Astana Steps Closer to Military Alliance with Moscow
June 18. Jamestown Foundation
By Farkhad Sharip
In his address to the Collective Security Treaty Organization’s (CSTO) summit in Moscow on June 14, Kazakhstan’s President Nursultan Nazarbayev assured his counterparts, above all the Russian President Dmitry Medvedev, that his country unreservedly supports all projects aimed at strengthening this organization. Indeed, Kazakhstan, surrounded by turbulent neighbors, has displayed increasing willingness to develop a closer military partnership with Russia. In September 2008 Astana hosted a meeting of the heads of the CSTO members, which was crucial for the later creation of the organization’s military body, the Collective Operational Reaction Force (CORF). Although the objectives and the forms of interaction with other partners within the CORF, reminiscent in many ways of the socialist-era Warsaw Pact Organization, do not match the national security interests of Kazakhstan, Nazarbayev, speaking at the last CSTO summit in Moscow in February, attempted to convince others that the idea of setting up the new military structure was proving successful.
Although Medvedev haughtily played down the refusal of Belarus to sign the CORF treaty as well as Uzbekistan’s multiple reservations, Sergey Zhiltsov, the director of the Moscow-based CIS Center, questioned the idea of unanimity over the new force. In an interview with a newspaper in Kazakhstan, he expressed his fear that deep disagreements on all the key issues will significantly weaken the future effectiveness of the CSTO (Aikyn, June 16).
While Moscow’s intentions to use the CORF as a potential counterweight to NATO’s eastward expansion, and in response to the American military presence in Afghanistan are clear, Kazakhstan’s role in this military structure remains open to question. In theory it can offer 4,000 troops from its three airborne assault brigades, and has agreed to be the second largest military force within the new structure. Kazakhstan still appears vulnerable to any outside threat in the face of the overpowering Russian regional military dominance (Kazakhstanskaya Pravda, June16).
Since 2004 Kazakhstan has regularly participated in the Rubezh military exercises within the CSTO, but even its peacekeeping battalion (KAZBAT), an element of which was deployed in Iraq and later transformed into KAZBRIG, lacks any combat experience. The most significant contribution of Kazakhstan to the CORF is the 36th special task force brigade, stationed in Kapchagai, near Almaty. But its past experience is limited to supporting a dubious and non-combat mission in Afghanistan. This unit was once directly subordinated to the main intelligence department of the Soviet General Staff. But it is unable keep pace with the changing nature of modern warfare, especially within the evolving geopolitical situation. Nevertheless, in Moscow Nazarbayev readily signed the final agreement on the force following a brief discussion with Medvedev, just one hour before the opening of the CSTO summit (Kazakhstanskaya Pravda, June 16).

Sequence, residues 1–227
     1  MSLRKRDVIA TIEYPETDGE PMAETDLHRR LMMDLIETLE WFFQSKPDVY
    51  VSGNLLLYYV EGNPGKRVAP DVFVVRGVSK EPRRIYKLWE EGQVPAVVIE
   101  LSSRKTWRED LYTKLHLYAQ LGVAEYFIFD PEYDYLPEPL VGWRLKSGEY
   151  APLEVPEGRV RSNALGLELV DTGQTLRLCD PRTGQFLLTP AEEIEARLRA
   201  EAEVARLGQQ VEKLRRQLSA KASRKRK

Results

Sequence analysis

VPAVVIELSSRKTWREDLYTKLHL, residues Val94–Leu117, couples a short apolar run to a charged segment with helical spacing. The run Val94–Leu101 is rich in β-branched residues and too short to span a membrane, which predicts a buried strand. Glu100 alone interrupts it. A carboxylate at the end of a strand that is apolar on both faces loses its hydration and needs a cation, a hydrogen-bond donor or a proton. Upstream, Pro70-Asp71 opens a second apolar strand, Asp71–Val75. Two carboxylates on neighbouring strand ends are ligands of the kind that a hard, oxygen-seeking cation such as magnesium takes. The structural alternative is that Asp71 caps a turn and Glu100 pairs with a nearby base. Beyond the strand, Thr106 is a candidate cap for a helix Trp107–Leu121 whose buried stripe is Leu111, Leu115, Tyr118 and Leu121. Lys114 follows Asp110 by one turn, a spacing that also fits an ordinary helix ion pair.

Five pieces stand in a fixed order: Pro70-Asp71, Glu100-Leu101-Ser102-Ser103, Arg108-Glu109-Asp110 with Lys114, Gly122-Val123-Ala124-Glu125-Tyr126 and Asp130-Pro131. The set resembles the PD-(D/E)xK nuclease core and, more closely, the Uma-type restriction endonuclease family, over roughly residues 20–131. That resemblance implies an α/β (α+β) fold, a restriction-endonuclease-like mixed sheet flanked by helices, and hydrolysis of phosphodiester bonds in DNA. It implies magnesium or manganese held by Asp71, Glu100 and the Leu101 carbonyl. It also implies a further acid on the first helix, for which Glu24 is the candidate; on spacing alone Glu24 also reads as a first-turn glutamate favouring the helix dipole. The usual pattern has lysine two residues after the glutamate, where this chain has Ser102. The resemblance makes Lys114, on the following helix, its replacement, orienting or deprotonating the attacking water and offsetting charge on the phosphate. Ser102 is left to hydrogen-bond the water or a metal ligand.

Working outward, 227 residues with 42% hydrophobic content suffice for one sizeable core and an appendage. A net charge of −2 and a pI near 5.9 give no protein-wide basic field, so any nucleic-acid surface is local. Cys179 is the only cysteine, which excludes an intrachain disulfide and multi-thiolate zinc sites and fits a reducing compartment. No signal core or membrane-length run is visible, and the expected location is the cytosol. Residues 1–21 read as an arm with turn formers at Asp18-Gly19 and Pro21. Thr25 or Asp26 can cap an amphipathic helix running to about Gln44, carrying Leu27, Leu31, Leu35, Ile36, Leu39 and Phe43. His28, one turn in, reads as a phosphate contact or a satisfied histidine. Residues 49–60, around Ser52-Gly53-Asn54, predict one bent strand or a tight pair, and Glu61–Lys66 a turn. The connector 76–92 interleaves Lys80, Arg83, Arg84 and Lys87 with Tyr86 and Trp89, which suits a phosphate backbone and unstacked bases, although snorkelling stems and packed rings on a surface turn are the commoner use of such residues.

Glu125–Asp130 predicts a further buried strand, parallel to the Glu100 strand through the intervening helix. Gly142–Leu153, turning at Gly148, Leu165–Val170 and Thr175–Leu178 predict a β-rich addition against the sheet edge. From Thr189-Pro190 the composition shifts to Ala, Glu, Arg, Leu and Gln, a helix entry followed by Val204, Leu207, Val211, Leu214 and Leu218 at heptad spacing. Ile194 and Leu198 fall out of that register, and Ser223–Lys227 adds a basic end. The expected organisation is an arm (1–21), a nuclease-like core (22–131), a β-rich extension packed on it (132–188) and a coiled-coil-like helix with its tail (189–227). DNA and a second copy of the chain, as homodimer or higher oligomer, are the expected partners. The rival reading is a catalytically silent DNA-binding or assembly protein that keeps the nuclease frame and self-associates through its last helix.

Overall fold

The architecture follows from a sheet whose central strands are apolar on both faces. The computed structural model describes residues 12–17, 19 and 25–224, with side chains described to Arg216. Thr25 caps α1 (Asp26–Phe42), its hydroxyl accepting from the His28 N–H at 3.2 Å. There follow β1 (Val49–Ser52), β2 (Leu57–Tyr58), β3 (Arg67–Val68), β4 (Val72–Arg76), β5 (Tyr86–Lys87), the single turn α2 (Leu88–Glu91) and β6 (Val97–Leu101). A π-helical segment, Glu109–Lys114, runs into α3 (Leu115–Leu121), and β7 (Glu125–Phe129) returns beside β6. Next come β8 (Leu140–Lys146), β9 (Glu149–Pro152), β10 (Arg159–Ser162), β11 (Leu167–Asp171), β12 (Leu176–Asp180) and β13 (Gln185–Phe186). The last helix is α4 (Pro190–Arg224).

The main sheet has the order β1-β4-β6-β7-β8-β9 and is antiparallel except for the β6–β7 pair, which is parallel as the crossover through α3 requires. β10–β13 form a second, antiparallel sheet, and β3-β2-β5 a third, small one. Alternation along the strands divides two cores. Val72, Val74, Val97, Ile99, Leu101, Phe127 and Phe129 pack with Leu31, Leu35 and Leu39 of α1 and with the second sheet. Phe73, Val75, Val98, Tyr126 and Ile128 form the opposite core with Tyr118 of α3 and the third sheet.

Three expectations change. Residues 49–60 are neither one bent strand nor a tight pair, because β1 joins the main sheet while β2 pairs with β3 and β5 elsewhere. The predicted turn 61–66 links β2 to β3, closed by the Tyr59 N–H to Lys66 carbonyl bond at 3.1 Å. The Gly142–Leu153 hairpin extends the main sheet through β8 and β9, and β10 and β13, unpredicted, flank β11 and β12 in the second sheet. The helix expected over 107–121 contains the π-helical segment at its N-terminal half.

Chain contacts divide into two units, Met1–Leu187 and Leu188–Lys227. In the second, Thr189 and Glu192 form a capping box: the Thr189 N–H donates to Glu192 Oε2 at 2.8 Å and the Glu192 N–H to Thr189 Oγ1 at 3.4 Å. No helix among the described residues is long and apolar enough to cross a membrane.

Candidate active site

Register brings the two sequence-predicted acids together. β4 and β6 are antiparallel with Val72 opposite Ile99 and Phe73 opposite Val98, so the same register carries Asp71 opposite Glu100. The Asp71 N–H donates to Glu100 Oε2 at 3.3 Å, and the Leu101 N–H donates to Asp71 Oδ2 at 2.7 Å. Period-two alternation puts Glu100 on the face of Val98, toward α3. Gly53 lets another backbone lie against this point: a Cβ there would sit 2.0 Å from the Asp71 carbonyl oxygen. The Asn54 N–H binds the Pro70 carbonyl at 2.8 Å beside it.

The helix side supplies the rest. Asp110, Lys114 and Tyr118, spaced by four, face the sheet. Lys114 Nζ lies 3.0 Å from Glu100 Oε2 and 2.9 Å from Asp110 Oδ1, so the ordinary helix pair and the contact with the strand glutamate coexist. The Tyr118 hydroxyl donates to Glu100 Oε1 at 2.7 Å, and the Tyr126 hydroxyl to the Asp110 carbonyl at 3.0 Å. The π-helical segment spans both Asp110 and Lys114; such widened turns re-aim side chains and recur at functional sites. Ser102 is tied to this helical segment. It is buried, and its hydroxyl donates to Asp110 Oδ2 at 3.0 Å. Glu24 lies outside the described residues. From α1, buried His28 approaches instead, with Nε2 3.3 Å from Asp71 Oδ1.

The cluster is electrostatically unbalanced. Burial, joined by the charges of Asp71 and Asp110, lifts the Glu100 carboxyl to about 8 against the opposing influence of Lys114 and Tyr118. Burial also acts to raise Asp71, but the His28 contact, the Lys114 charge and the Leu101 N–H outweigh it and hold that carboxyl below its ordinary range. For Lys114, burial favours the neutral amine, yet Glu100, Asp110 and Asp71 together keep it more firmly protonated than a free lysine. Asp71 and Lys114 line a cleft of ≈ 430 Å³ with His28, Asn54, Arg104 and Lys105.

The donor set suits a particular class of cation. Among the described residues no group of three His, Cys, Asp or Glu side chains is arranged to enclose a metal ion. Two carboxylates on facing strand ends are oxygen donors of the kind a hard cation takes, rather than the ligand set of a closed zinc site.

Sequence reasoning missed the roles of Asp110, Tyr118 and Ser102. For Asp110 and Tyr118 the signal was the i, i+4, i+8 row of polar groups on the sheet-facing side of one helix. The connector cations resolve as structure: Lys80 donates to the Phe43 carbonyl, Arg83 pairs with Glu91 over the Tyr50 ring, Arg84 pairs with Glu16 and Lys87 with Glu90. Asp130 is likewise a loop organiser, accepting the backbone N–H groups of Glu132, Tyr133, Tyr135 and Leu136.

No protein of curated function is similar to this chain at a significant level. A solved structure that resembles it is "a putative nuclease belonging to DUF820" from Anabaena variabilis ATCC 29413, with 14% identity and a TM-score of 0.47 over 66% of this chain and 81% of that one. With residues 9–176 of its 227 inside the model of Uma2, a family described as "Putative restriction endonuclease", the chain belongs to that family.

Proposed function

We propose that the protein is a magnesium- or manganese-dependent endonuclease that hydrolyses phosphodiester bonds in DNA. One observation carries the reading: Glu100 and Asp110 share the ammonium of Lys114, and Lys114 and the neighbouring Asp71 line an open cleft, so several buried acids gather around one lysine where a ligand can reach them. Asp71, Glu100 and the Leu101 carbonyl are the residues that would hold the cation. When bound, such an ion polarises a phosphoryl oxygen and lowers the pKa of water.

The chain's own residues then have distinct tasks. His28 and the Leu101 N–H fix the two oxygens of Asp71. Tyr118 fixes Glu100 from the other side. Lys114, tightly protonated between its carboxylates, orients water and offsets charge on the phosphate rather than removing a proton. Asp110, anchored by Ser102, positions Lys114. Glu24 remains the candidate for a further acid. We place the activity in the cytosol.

The Kazakh president was not embarrassed by the eloquent refusal of his Belarusian counterpart Alyaksandr Lukashenka to attend the summit or by the cool attitude to the agreement by Uzbekistan and Tajikistan. He simply echoed what Medvedev had to say on military cooperation within the framework of the CSTO, long regarded by analysts in Kazakhstan as a vital tool in advancing Russian expansionist policies in Central Asia. Political observers in Astana question the capability of the CSTO to resolve latent regional conflicts within Central Asia. Moreover, in Kazakhstan very few analysts believe that the force, which is fully controlled by Moscow, will in any way influence the security situation in Afghanistan, since neither the CSTO nor the Shanghai Cooperation Organization (SCO) has any real leverage to do so (Liter, June 16).
Kazakhstan’s seemingly enthusiastic support for the creation of the CORF can be viewed only within the context of its deepening bilateral military cooperation with Russia. Although in reality there is little Astana could gain, in terms of Russian technical assistance to modernize its army, maintaining good relations with its powerful and increasingly aggressive neighbor with geopolitical ambitions is the only option for Kazakhstan. Indeed, many believe that the country is not regarded as an urgent priority by NATO or the United States -owing to their preoccupation with Afghanistan.
On June 11, during a meeting on cooperation with foreign states, Medvedev announced that Russia is considering the possibility of the joint development and manufacturing of armaments with the CSTO member states. It was another tempting carrot for Astana, which is entirely dependent on Russian military hardware and technical assistance. However, full-scale cooperation within such structures as the CORF requires the introduction of amendments to national legislation. With a compliant legislative body in Kazakhstan, those hurdles could easily be overcome (Interfax, June 11).
However, the danger is that the CORF might be used in future by Moscow to embroil Central Asian countries in regional conflicts to advance Russian interests. Until now Kazakhstan has successfully avoided any military involvement in Russian-led conflicts. But Russia is more persistent in its attempts to secure support from the Central Asian states to form a military alliance following last year’s war with Georgia. For Moscow, moral support from its allies in the region will be far more important than any military participation to justify aggression in the way the Kremlin treated Georgia last August.